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      Substantiated Childhood Maltreatment and Intimate Partner Violence Victimization in Young Adulthood: A Birth Cohort Study.

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          Abstract

          Little is known about the associations between various types of childhood maltreatment and multiple forms of intimate partner violence victimization in early adulthood. This study examines the extent to which childhood experiences of maltreatment increase the risk for intimate partner violence victimization in early adulthood. Data for the present study are from 3322 young adults (55 % female) of the Mater Hospital-University of Queensland Study of Pregnancy with the mean age of 20.6 years. The Mater Hospital-University of Queensland Study of Pregnancy is a prospective Australian pre-birth cohort study of mothers consecutively recruited during their first antenatal clinic visit at Brisbane's Mater Hospital from 1981 through to 1983. Participants completed the Composite Abuse Scale at 21-year follow-up and linked this dataset to agency recorded substantiated cases of childhood maltreatment. In adjusted models, the odds of reporting emotional intimate partner violence victimization were 1.84, 2.64 and 3.19 times higher in physically abused, neglected and emotionally abused children, respectively. Similarly, the odds of physical intimate partner violence victimization were 1.76, 2.31, 2.74 and 2.76 times higher in those children who had experienced physical abuse, sexual abuse, neglect and emotional abuse, respectively. Harassment was 1.63 times higher in emotionally abused children. The odds of severe combined abuse were 3.97 and 4.62 times greater for emotionally abused and neglected children, respectively. The strongest associations involved reports of child emotional abuse and neglect and multiple forms of intimate partner violence victimization in young adulthood. Childhood maltreatment is a chronic adversity that is associated with specific and multiple forms of intimate partner violence victimization in adulthood.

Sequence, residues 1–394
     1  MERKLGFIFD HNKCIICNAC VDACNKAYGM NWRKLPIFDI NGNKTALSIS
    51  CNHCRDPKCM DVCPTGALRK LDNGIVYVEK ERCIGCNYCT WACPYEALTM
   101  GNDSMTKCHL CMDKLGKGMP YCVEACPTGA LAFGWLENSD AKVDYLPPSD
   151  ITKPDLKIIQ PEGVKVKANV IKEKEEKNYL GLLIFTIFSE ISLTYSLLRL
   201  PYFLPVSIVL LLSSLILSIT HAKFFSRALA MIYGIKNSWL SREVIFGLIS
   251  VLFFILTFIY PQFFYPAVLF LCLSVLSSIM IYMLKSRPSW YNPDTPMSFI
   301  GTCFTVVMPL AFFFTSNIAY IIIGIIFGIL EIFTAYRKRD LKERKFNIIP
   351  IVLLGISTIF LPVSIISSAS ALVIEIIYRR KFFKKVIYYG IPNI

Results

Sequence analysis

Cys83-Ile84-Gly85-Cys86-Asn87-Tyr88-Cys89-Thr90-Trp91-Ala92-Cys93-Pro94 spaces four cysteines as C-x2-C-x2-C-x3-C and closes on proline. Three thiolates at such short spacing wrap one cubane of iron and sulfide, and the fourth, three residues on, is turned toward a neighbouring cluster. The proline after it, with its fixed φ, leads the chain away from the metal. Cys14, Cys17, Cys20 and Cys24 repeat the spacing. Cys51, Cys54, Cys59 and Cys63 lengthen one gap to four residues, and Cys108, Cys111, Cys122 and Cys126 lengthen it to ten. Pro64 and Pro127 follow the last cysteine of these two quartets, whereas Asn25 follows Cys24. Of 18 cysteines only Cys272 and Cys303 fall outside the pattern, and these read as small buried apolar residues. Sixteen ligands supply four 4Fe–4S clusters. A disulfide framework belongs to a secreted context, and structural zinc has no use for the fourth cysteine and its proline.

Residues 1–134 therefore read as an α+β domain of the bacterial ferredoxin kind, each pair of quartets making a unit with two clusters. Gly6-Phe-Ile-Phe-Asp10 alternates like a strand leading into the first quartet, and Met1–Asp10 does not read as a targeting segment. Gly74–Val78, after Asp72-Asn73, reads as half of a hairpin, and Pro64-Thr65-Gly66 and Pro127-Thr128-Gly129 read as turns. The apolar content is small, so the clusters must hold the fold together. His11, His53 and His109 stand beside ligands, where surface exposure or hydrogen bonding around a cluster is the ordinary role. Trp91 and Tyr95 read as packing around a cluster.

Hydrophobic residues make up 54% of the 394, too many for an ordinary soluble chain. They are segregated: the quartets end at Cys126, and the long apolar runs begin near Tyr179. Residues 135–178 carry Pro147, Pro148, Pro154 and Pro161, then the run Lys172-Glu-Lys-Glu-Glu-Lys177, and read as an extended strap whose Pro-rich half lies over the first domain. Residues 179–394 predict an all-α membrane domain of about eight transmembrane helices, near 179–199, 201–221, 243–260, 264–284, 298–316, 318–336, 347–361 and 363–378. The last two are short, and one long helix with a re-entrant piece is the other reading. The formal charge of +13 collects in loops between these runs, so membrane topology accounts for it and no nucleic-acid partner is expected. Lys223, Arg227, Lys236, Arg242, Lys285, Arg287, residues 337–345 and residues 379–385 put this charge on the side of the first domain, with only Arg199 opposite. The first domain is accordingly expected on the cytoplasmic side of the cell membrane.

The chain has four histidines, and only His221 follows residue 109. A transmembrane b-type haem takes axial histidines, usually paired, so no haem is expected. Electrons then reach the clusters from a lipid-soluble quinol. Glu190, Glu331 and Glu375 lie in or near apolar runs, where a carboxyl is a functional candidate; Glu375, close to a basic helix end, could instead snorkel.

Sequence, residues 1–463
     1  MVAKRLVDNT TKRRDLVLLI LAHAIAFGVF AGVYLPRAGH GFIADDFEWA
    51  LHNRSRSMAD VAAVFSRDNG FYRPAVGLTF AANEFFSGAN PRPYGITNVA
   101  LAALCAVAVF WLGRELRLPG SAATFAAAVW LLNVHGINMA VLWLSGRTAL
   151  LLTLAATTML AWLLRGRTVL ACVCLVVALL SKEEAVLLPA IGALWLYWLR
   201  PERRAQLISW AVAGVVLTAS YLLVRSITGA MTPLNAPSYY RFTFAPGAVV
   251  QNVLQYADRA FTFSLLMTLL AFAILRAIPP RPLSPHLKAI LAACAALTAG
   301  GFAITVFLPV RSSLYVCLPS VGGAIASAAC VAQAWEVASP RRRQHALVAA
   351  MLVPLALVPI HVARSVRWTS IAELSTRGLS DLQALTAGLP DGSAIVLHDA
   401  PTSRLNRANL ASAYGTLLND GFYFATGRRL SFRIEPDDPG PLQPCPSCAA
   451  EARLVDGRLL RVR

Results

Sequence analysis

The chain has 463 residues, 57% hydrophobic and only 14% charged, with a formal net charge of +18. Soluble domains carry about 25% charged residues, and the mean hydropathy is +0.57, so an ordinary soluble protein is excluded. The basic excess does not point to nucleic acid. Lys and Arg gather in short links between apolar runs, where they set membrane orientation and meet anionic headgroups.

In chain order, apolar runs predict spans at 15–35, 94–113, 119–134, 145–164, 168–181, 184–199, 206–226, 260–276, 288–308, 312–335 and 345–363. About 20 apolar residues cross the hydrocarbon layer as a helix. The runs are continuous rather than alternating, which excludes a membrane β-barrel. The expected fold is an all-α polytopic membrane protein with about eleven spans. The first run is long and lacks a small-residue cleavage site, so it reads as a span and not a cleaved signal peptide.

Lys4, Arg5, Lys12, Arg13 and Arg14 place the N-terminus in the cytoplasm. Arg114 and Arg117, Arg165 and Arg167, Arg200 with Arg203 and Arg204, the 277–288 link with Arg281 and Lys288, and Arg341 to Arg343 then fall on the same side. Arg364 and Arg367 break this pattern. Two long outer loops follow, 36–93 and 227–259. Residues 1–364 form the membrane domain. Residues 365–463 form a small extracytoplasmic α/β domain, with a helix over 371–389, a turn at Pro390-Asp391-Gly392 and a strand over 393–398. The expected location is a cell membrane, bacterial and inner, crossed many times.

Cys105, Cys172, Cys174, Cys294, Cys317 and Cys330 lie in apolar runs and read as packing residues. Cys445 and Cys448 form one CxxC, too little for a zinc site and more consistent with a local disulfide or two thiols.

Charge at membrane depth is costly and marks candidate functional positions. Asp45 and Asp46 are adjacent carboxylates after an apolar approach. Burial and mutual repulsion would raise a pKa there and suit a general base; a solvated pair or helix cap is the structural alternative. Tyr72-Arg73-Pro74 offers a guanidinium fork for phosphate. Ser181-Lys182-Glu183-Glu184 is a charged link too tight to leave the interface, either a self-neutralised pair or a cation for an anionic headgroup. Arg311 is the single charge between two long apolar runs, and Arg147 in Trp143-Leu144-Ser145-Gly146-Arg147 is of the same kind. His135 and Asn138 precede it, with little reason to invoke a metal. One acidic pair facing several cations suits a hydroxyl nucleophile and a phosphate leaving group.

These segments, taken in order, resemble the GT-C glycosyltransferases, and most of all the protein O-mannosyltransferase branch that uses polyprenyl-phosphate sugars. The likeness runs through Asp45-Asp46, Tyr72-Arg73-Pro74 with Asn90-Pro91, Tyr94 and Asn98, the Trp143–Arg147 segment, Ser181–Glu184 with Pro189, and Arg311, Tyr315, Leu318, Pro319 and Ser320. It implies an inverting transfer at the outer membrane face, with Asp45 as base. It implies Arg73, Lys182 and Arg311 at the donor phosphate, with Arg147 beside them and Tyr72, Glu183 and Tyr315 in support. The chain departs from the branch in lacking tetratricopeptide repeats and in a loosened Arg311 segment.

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          Author and article information

          Journal
          J Youth Adolesc
          Journal of youth and adolescence
          Springer Nature America, Inc
          1573-6601
          0047-2891
          January 2017
          : 46
          : 1
          Affiliations
          [1 ] School of Public Health, The University of Queensland, Public Health Building, Herston, Queensland, 4006, Australia. a.abajobir@uq.edu.au.
          [2 ] School of Medicine, University of Queensland, Princess Alexandra Hospital, Woolloongabba, Queensland, 4102, Australia.
          [3 ] Departments of Psychiatry, Community Health and Epidemiology, Dalhousie University, Halifax, Canada.
          [4 ] School of Public Health, The University of Queensland, Public Health Building, Herston, Queensland, 4006, Australia.
          [5 ] School of Pharmacy, The University of Queensland, Woolloongabba, Queensland, 4102, Australia.
          [6 ] School of Social Sciences, The University of Queensland, St Lucia, Queensland, 4072, Australia.
          [7 ] Queensland Alcohol and Drug Research and Education Center, The University of Queensland, Herston, Queensland, 4006, Australia.
          Article
          10.1007/s10964-016-0558-3
          10.1007/s10964-016-0558-3
          27624702
          521fa43f-38e4-45c8-b3b9-dc4490b775f6
          History

          Intimate partner violence victimization,A birth cohort study,Childhood maltreatment,Substantiation

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